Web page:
There are legitimate questions about Ellenson's ability to defend at the NBA level. Is he strong enough to defend post players? Is he athletic enough to guard other stretch forwards on the perimeter? These are questions that will be answered in time, but they're the primary reason Ellenson has been sinking on mock drafts in recent weeks.
Ellenson has a lot of Kevin Love in his game, from his strengths on the offensive end to his defensive deficiencies. Like Love, Ellenson is a big man who can score in a variety of ways. Both players are very good rebounders. But both entered the league needing to improve significantly on the defensive end. 
4. DeAndre' Bembry, 6-6, 210, F, Saint Joseph's
Bembry needs no introduction to local college basketball fans. He was St. Joe's best player each of the past two seasons, capping his collegiate career by winning Big 5 and Atlantic 10 Player of the Year honors as a junior. Bembry improved his draft stock at the NBA draft combine in May and is all but guaranteed to be a first-round pick tonight.
Bembry was one of the more versatile players in college basketball this past season, averaging 17.4 points, 7.8 rebounds and 4.5 assists. He shot 55 percent from the field, leading St. Joe's to 28 wins and its second A-10 Tournament title in three years. Bembry also lifted the Hawks to their first NCAA Tournament win since Jameer Nelson was on campus, putting up 23 points, six rebounds, five assists and three steals in a first-round win over Cincinnati.
St. Joe's coach Phil Martelli has been raving about Bembry's leadership qualities and intangibles from the moment Bembry walked on campus three years ago. He's a winning player who impacts games in a variety of ways. Bembry doesn't come across as an explosive athlete at first glance — he has a little bit of that "old man" offensive game. But make no mistake, he's not lacking for elite athleticism. There's no doubt he can play at the NBA level.
Bembry's jumper needs work, but he's at his best when he's driving to the basket and scoring in the paint. Bembry is also a terrific rebounder for a small forward, averaging just under eight rebounds in each of the past two seasons. He moves well without the ball and is almost always engaged on the defensive end.
I spoke with an NBA executive at the A-10 Tournament a few months ago regarding Bembry's pro prospects. He expressed concern about Bembry's motor, saying he was usually the best player on the floor in college but didn't assert himself often enough. That never struck me as an issue watching Bembry the past three years, but clearly it's something that stood out to at least one NBA talent evaluator.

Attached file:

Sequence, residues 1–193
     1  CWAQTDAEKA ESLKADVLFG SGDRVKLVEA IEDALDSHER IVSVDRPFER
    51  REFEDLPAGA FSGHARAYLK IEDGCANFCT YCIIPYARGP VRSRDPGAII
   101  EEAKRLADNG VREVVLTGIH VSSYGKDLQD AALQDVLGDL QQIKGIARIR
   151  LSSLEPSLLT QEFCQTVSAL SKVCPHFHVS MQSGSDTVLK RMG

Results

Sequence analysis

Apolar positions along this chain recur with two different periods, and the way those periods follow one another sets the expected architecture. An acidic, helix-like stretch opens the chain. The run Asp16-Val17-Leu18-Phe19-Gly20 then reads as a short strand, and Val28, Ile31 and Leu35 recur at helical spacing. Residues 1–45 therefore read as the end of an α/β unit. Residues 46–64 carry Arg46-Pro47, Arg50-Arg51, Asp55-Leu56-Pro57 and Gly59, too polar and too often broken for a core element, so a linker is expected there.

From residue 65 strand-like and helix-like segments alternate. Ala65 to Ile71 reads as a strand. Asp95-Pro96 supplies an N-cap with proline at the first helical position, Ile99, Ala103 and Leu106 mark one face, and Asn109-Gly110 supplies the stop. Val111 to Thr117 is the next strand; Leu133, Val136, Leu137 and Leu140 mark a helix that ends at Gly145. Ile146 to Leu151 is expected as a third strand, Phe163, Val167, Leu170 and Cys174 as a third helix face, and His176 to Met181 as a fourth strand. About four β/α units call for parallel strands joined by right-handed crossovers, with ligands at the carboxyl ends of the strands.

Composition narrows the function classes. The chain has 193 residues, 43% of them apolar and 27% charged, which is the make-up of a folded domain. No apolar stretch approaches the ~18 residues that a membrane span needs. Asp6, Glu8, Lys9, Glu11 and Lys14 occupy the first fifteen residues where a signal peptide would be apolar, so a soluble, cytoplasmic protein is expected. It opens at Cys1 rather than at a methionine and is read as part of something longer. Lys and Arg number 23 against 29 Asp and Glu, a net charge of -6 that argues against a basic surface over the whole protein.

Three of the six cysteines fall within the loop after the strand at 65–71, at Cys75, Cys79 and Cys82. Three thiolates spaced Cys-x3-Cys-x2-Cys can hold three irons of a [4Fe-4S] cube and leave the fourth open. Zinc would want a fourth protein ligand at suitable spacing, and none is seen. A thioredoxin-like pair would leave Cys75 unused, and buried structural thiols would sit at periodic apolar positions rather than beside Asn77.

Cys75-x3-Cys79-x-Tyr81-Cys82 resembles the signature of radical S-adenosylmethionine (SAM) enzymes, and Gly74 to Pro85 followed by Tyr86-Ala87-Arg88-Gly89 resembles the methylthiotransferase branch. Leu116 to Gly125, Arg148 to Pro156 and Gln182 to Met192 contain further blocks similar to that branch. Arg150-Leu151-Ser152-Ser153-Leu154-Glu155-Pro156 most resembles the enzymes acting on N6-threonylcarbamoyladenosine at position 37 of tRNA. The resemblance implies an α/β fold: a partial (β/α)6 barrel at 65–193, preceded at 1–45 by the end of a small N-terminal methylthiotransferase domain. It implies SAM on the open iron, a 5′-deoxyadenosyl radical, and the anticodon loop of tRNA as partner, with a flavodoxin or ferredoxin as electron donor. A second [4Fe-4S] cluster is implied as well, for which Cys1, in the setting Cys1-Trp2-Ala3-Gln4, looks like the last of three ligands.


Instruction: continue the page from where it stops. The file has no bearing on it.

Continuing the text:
Bembry would be a nice fit for the 76ers, and there's a good chance he's on their radar with either the 24th or 26th pick in the first round. He'd be a nice rotation piece, versatile and unselfish enough to fill a number of roles. Time will tell if he reaches the same heights, but I see a little bit of Andre Iguodala in Bembry's game. Bembry isn't quite the athlete Iguodala was coming out of Arizona, but both are versatile players with a knack for doing whatever their team needs to win.

5. Ryan Arcidiacono, 6-3, 195, PG, Villanova
There was no way I was making this list without including Arcidiacono. I'm well aware that odds are he won't get drafted tonight. If his name does get called, it will likely be late in the second round. But after watching every game of his college career, I'm of the opinion that there could be a place for him in the NBA. Arcidiacono worked out for 12 different teams leading up to the draft. If he's not drafted, he'll almost certainly be on someone's summer league team. All it takes is for one team to like him.
The biggest question mark when it comes to Arcidiacono playing at the pro level is his athleticism, particularly on the defensive end. Can he survive defensively against the caliber of guards who populate NBA rosters? Arcidiacono worked hard at improving his perimeter defense over his four years at Villanova. He'll need to improve even further to get to the point where he won’t a defensive liability.
Defensive question marks aside, there is plenty to like about Arcidiacono's game. First and foremost, he's a winner. He won a school-record 117 games at Villanova. He won three Big East regular-season titles. He won a Big East Tournament. And most notably, he won an NCAA Championship. Arcidiacono was the driving force behind all of those accomplishments. He's also not lacking for individual achievements, with Big East Player of the Year and NCAA Tournament Most Outstanding Player awards on his mantle. Arcidiacono is the first player in Villanova history with more than 1,500 career points and 500 career assists.
Arcidiacono is a leader. He was the first four-year captain in the history of Villanova basketball. He leads vocally and by example. No one plays harder. Whether it's diving for a loose ball or taking a charge, he has a knack for making winning plays at the right time.
Skeptics will say this is all well and good, but he's just not good enough to play in the NBA. That may end up being the case. But he was a star at the highest level of college basketball. It's not inconceivable that he figures out a way to contribute in the NBA.
Will he be a star? Probably not. He may not even be a starter. But he has a chance to be a valuable backup point guard. Arcidiacono has the size, the smarts and the offensive ability. Worst case, he carves out a career overseas before starting a coaching career.